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Does your world appear completely unbearable until you've had that first cup of coffee in the morning? Do you need a java jolt just to deal with your day?
Science now indicates you may actually need caffeine to ward off the blues. Researchers are finding that drinking caffeinated coffee decreases the risk of depression in women. And the more coffee you drink, the better.
We know that coffee is the most popular drug. According to a study in the Archives of Internal Medicine, caffeine is the most frequently used central nervous system stimulant in the world. Approximately 80% of caffeine consumption is in the form of coffee.
Depression is a chronic and recurrent condition. Previous research, including one prospective study among men, suggested an association between coffee consumption and depression risk. But women are more likely to be affected. In fact, depression strikes twice as many women as men, including approximately one of every five U.S. women during their lifetime.
Researchers from the Harvard School of Public Health examined whether consuming caffeine or certain other caffeinated beverages is associated with depression risk in women. They studied 50,739 U.S. women who participated in the Nurses' Health Study. Participants, who had a mean age of 63 and had no depression at the start of the study, were followed for 10 years.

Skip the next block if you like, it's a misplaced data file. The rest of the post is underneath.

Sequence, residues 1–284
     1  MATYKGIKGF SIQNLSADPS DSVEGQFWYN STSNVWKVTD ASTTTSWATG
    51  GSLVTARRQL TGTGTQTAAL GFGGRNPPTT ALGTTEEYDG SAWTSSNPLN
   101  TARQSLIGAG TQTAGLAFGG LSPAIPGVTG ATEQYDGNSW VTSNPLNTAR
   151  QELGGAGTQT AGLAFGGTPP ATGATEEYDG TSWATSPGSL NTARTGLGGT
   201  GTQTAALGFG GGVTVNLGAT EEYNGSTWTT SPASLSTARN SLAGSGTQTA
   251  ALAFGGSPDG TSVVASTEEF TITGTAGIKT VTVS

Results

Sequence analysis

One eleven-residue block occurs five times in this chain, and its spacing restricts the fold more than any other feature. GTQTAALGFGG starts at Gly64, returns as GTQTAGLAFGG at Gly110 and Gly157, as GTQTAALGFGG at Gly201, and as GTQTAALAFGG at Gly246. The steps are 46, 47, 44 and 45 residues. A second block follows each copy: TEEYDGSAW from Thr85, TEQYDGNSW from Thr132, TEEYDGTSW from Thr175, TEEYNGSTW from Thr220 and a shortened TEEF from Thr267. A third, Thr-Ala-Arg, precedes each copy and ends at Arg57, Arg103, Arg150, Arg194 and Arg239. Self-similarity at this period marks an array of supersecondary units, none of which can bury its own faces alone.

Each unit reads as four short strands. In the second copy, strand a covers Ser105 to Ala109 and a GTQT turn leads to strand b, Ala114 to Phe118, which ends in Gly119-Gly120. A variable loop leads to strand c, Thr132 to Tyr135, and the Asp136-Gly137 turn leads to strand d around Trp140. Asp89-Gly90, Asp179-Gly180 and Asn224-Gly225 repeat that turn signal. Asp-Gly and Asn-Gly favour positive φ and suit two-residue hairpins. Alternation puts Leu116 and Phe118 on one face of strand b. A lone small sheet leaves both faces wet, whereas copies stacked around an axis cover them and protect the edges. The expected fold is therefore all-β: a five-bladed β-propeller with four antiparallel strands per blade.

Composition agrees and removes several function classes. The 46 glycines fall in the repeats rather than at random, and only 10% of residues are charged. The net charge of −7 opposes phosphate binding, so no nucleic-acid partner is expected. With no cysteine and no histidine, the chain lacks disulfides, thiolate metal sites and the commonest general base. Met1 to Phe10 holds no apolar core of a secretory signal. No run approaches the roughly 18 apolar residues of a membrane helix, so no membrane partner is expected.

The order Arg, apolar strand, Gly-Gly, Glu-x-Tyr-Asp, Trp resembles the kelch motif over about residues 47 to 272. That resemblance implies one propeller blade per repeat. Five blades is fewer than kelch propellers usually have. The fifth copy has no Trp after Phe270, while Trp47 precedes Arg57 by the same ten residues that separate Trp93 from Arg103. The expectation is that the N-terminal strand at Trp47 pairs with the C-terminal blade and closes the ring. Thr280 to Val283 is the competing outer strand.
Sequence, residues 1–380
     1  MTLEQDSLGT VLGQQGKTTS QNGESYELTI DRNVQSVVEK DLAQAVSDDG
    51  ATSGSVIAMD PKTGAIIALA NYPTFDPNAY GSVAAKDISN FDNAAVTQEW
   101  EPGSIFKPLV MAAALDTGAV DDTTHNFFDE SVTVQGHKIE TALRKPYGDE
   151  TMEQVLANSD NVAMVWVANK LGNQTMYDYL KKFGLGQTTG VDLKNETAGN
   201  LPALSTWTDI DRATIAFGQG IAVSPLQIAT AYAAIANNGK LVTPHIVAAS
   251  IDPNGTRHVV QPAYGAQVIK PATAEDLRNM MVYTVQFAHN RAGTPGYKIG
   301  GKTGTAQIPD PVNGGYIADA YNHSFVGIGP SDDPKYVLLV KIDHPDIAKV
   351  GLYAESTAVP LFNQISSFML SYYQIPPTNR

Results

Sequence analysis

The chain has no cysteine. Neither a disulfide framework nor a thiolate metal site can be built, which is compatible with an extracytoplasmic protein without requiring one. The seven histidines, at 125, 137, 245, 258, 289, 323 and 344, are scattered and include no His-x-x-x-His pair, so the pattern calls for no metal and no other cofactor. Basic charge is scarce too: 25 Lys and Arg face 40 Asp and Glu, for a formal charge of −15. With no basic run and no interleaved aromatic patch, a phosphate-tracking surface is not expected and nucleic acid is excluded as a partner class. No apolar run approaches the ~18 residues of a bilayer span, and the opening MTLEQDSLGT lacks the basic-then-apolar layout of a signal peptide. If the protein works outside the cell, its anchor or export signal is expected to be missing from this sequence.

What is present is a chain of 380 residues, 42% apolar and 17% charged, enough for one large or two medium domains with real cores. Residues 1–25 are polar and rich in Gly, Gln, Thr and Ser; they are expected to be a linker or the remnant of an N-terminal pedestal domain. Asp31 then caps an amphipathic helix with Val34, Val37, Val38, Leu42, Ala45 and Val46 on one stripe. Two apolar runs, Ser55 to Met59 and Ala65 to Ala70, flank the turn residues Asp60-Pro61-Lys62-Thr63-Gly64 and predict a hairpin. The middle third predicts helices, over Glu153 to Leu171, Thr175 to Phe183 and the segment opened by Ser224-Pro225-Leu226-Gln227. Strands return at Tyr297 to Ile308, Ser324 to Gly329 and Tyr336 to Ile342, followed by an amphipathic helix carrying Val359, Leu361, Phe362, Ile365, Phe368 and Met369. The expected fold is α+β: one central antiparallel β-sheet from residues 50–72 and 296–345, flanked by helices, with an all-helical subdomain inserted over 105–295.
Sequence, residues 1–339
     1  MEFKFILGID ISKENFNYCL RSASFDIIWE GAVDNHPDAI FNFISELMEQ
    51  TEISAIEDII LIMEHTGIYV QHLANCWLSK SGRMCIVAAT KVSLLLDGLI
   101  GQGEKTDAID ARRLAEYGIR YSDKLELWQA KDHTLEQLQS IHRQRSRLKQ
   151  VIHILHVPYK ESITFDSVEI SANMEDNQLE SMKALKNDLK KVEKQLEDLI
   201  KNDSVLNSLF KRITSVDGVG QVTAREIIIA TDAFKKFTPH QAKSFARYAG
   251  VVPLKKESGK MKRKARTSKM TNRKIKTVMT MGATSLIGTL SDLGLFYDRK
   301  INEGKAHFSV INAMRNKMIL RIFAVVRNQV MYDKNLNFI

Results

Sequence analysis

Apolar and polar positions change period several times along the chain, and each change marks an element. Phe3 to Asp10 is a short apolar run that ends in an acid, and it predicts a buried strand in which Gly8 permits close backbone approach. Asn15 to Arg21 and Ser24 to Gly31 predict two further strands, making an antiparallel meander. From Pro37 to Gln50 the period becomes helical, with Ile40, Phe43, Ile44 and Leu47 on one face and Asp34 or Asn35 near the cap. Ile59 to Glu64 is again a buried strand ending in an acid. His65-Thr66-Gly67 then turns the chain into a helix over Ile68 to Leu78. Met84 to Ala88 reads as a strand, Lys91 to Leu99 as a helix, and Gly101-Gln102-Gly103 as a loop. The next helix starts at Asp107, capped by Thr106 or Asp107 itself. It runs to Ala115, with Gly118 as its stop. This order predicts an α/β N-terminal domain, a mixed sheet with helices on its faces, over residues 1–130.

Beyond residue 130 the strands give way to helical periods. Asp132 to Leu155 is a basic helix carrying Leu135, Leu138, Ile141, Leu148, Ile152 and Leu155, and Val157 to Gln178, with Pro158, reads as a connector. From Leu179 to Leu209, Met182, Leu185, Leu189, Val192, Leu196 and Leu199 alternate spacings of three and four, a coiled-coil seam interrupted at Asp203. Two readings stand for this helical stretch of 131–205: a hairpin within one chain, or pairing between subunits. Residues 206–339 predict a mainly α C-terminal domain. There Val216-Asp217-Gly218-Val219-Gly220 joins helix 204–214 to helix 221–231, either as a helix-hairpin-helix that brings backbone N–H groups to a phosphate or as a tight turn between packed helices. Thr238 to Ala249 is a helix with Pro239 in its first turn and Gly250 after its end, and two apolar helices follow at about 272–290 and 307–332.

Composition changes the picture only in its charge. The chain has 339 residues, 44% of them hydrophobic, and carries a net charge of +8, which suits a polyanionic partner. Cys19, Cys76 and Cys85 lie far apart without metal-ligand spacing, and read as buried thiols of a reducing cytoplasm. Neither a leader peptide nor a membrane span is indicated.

Researchers measured caffeine consumption through questionnaires focusing on how frequently the women consumed caffeinated and non-caffeinated coffee, non-herbal tea, caffeinated soft drinks (sugared or low-calorie colas), caffeine-free soft drinks (sugared or low-calorie caffeine-free colas or other carbonated beverages) and chocolate.
The authors defined depression as reporting a new diagnosis of clinical depression and beginning regular use of antidepressants in the previous two years. During the 10-year follow-up period, researchers identified 2,607 new cases of depression.
When compared with women who consumed one cup of caffeinated coffee or less per week, those who consumed two to three cups per day had a 15% decreased risk for depression.
And depression risk dropped in a dose-dependent manner. More caffeine dropped the risk even further. Those consuming four cups or more per day had a 20% decrease in risk. Compared with women in the lowest (less than 100 milligrams per day) categories of caffeine consumption, those in the highest category (550 mg per day or more) had a 20% decreased risk of depression.
It does seem that the caffeine in coffee makes the difference. No association was found between decaffeinated coffee and depression risk.
But caffeinated coffee may not be appropriate for pregnant women.
The authors wouldn't claim their study "proved" caffeine or caffeinated coffee reduces the risk of depression. They said it only suggests the possibility of such a protective effect. They called for more studies.
In the meantime, go ahead and enjoy a guilt-free, uplifting cup of coffee.